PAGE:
In October 2020, we reported on a recall of the common diabetes drug Metformin because of concerns it could cause cancer. At the end of 2022, manufacturer Viona Pharmaceuticals voluntarily recalled the oral medication again over concerns that it contains high levels of a carcinogenic compound.
Get the facts about the recall and find out why the Food and Drug Administration says you should call your doctor right away if you take this medication.
The recall refers to 33 lots of 750-mg Metformin Hydrochloride Extended-Release Tablets. The lot number is M008132. According to a press release from Viona, the tablets contain potentially dangerous levels of the toxin NDMA, which increases cancer risk in humans.
Doctors prescribe this drug to help control blood sugar in conjunction with diet and exercise for people who have type 2 diabetes. You may take it alone, with insulin or with another type of diabetes medication.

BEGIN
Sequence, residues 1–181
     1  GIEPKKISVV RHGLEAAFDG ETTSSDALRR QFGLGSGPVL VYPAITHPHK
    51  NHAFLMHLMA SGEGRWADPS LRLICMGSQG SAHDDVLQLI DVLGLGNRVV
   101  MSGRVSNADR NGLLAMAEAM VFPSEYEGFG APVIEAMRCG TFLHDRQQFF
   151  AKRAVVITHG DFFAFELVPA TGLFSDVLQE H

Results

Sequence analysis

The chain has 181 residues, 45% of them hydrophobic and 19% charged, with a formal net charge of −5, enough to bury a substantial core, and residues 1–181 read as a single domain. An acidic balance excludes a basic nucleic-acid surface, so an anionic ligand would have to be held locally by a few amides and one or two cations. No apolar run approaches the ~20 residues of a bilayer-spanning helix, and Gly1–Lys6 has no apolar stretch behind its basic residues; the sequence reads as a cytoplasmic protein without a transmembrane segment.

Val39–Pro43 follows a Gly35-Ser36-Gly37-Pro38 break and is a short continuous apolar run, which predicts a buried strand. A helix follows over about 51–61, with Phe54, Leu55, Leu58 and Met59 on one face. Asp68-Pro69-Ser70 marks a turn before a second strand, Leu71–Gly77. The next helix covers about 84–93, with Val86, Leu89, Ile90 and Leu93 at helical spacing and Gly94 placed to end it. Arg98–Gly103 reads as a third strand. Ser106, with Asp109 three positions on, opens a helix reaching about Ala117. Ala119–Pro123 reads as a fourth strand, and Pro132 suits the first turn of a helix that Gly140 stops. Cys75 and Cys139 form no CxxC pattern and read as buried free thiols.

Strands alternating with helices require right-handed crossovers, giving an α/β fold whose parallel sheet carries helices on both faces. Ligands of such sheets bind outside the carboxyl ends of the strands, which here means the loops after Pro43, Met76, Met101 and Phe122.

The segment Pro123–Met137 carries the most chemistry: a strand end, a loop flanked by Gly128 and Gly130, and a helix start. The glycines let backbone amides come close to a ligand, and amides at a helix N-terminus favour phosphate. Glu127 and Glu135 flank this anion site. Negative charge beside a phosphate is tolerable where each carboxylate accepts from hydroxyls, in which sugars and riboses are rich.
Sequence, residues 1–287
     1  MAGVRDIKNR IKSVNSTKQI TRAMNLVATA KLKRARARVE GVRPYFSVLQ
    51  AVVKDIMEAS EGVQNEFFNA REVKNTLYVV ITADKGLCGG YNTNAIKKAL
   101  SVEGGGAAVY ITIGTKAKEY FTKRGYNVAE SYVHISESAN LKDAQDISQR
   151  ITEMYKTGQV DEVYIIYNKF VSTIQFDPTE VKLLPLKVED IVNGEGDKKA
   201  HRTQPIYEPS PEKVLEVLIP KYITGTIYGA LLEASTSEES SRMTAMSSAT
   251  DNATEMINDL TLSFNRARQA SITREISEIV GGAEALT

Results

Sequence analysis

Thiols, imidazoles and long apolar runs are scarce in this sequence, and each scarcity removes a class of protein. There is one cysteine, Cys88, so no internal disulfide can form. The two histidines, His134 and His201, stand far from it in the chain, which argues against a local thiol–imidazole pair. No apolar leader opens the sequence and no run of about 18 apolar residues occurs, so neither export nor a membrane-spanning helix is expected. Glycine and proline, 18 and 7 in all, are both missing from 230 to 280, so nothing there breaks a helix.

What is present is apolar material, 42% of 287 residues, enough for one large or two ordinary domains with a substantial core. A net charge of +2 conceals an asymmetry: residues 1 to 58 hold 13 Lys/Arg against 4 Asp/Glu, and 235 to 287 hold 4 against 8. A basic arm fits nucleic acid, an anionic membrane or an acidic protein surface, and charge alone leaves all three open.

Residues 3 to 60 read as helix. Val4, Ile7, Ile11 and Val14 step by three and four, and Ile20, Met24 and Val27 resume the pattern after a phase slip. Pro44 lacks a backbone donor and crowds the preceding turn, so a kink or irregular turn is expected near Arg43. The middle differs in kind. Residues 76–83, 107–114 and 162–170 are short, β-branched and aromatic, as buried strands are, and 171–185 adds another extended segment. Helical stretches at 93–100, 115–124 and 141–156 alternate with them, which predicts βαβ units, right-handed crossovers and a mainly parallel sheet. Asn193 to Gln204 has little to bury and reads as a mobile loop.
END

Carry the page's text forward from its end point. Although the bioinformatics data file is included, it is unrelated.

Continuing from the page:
Steps to take
Although the medication may carry health risks, the FDA cautions that discontinuing the drug without doctor supervision could also be hazardous. If you take Metformin, call the prescribing doctor right away to determine your course of action. The health care provider will likely recommend an alternative to the drug if the recall has affected your prescription.
You should also seek immediate medical attention if you experience symptoms of NDMA contamination. According to the Environmental Protection Agency, these signs may include dizziness, headache, nausea, vomiting, yellow-tinged skin and eyes (jaundice), cramping and fever. Without treatment, overexposure to this substance could result in liver damage.